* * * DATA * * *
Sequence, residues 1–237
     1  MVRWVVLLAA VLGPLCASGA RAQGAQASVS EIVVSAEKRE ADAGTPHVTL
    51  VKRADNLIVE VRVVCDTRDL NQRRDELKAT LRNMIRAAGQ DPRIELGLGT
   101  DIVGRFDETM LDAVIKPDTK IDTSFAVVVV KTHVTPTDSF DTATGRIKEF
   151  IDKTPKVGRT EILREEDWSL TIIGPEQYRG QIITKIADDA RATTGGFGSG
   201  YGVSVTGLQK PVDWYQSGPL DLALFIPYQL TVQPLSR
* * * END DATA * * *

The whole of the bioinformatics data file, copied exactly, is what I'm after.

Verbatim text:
Sequence, residues 1–237
     1  MVRWVVLLAA VLGPLCASGA RAQGAQASVS EIVVSAEKRE ADAGTPHVTL
    51  VKRADNLIVE VRVVCDTRDL NQRRDELKAT LRNMIRAAGQ DPRIELGLGT
   101  DIVGRFDETM LDAVIKPDTK IDTSFAVVVV KTHVTPTDSF DTATGRIKEF
   151  IDKTPKVGRT EILREEDWSL TIIGPEQYRG QIITKIADDA RATTGGFGSG
   201  YGVSVTGLQK PVDWYQSGPL DLALFIPYQL TVQPLSR